In need of a new combination square, help please...

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Forum topic by gr8outdrsmn posted 12-14-2008 04:20 AM 5801 views 0 times favorited 26 replies Add to Favorites Watch
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60 posts in 4062 days

12-14-2008 04:20 AM

Topic tags/keywords: combination square

I have an older combination square, but it is not the best. When you tighten it down the ruler is slightly angled, haha. So, I am in the market for a new one. Can anyone reccomend a decent & reasonably priced (don’t really want to spend $60+ on this right now) combo square? Would one from Lowes be good enough? It does not have to be perfect, but I don’t want a piece of junk either. Know what I mean? Thanks


-- Don't take life too seriously, you'll never get out alive.

26 replies so far

View CharlieM1958's profile


16284 posts in 4828 days

#1 posted 12-14-2008 06:01 AM

I got a set in a wood box from Harbor Freight for about $20. I wouldn’t tell you it’s as nice as a Starret, but it’s pretty tight and accurate.

-- Charlie M. "Woodworking - patience = firewood"

View John Gray's profile

John Gray

2370 posts in 4495 days

#2 posted 12-14-2008 07:15 AM

I can’t remember where I got it, maybe Woodcraft, but I have a 6” Swanson combination square I really like. Got the son one for Christmas because he said he liked mine so much.
Here’s where I got it:

-- Only the Shadow knows....................

View gizmodyne's profile


1784 posts in 4699 days

#3 posted 12-14-2008 08:20 AM

Second the 6” Starret. Best tool ever.

-- -John "Do I have to keep typing a smiley? Just assume it's a joke."

View Woodchuck1957's profile


944 posts in 4373 days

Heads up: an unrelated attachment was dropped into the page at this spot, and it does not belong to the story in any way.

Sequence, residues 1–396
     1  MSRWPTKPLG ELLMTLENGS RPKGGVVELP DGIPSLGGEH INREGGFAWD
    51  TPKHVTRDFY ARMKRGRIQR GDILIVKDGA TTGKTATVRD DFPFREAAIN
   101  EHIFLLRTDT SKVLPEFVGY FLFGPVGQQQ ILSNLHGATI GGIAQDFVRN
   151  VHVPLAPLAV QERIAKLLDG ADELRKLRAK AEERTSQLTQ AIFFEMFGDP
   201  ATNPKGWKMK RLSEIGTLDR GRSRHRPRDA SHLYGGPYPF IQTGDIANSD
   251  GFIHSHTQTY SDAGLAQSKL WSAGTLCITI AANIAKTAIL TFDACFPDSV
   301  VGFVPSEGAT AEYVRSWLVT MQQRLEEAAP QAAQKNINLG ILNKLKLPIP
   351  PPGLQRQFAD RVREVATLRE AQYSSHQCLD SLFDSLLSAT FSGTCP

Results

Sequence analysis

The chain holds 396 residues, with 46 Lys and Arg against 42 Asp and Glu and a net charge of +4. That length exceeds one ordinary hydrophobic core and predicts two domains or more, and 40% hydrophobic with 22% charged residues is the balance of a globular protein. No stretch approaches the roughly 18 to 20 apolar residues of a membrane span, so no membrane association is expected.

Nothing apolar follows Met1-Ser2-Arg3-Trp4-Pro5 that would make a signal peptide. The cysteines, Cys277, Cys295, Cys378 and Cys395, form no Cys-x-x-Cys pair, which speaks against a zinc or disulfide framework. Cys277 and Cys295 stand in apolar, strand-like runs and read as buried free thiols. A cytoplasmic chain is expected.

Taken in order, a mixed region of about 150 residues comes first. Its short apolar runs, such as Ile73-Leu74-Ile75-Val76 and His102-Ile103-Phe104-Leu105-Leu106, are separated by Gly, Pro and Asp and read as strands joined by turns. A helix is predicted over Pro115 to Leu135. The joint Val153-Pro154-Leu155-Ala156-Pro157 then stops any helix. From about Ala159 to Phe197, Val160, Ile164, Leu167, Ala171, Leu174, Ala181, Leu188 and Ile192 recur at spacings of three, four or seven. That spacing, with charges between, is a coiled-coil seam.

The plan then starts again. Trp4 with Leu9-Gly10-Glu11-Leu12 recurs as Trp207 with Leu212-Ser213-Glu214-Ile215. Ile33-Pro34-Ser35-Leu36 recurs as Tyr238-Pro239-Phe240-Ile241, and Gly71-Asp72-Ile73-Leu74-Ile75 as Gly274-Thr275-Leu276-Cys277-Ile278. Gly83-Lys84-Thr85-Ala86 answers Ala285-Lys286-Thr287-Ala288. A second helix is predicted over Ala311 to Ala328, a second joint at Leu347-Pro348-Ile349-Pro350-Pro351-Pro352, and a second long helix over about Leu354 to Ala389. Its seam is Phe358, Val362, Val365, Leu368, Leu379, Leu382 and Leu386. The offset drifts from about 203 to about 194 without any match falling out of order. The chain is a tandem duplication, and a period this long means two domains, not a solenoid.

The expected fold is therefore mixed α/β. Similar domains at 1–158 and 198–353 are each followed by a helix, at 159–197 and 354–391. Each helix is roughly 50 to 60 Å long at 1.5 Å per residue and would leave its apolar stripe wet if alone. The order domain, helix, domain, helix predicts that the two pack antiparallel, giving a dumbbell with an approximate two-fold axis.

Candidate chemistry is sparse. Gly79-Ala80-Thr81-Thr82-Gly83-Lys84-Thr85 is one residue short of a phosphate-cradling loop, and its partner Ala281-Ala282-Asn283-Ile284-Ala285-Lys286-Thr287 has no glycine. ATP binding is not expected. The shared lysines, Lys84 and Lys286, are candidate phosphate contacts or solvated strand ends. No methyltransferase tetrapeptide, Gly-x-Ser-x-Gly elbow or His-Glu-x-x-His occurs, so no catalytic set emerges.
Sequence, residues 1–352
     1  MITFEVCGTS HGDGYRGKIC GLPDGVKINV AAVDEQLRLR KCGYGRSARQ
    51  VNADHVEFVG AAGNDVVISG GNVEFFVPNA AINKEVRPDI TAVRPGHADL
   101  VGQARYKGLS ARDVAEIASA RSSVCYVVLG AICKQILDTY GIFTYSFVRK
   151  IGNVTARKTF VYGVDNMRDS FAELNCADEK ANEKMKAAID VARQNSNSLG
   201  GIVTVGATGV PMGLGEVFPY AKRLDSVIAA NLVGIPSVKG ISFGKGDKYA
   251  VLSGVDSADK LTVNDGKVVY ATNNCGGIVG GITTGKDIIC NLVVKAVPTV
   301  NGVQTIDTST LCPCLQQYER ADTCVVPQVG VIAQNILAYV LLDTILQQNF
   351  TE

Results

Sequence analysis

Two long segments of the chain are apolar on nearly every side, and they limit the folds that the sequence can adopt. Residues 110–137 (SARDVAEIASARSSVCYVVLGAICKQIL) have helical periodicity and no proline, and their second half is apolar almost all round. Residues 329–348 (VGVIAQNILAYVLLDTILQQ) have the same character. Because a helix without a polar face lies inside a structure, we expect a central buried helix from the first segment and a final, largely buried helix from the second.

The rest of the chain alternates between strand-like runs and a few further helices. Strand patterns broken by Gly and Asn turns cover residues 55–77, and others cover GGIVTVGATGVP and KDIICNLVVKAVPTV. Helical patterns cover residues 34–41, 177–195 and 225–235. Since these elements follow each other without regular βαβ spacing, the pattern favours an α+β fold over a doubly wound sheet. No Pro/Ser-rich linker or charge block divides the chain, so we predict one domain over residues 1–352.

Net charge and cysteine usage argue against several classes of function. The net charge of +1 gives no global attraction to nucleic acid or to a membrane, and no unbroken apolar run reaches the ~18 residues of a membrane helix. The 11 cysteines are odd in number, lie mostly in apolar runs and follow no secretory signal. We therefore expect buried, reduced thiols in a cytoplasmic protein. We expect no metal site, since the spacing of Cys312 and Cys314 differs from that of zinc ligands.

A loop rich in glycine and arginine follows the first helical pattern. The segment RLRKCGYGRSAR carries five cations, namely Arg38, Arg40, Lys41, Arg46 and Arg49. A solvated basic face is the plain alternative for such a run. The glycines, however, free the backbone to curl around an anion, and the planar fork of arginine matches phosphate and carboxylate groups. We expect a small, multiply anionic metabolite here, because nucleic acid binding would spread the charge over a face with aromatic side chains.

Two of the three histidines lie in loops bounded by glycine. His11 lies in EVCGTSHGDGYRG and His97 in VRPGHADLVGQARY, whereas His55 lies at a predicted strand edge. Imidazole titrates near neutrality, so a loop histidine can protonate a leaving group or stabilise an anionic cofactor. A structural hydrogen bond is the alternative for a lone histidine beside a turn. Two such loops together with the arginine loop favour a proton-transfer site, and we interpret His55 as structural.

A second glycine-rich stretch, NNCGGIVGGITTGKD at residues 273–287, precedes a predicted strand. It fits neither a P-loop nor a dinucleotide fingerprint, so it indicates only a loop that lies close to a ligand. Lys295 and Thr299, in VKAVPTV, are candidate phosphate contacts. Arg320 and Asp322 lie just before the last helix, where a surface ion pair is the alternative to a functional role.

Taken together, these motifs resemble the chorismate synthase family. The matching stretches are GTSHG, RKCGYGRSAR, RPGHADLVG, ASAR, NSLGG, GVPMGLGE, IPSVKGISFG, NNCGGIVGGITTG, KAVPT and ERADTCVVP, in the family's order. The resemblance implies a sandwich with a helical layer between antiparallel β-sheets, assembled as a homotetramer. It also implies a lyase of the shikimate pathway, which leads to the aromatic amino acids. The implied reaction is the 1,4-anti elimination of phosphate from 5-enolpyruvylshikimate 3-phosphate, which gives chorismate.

#4 posted 12-14-2008 08:28 AM

Craftsman still makes or sells some pretty good hand tools, the combination square I bought just a couple years ago seems pretty nice. Also EmpireLevel makes a TrueBlue Pro lineup of combination squares that appear to be a good value, they offer guaranteed accuracy, and a lifetime warranty. Amazon sells the model e250 12” Heavy-Duty Professional Combination Square for $14, they also make a 6” and 16” version.

View GuyK's profile


356 posts in 4689 days

#5 posted 12-14-2008 01:00 PM

I have to agree with 3fingerpat and Giz, there is no other combination square like Starret brand. These are the ones that all other are compared to. If I had to list the top 5 tools in my shop, these would be right up there. The investment is well worth it.

-- Guy Kroll

View Dan Lyke's profile

Dan Lyke

1520 posts in 4734 days

#6 posted 12-14-2008 04:44 PM

I spent $50 on one that wasn’t a Starrett, but the difference between that and the two cheaper ones I’ve had makes the extra bucks well worth it. And if you think about this as a tool that you’re gonna have for a few decades, is it worth a penny a day?

-- Dan Lyke, Petaluma California,

View CharlieM1958's profile


16284 posts in 4828 days

#7 posted 12-14-2008 04:45 PM

While I agree with everyone’s recommendation of Starret, keep in mind Brian said he did not want to spend $60+ on a combination square.

Also, woodworking is not the same as machining metal. While a couple of thousandths can make all the difference to a machinist, wood just can’t be worked that precisely.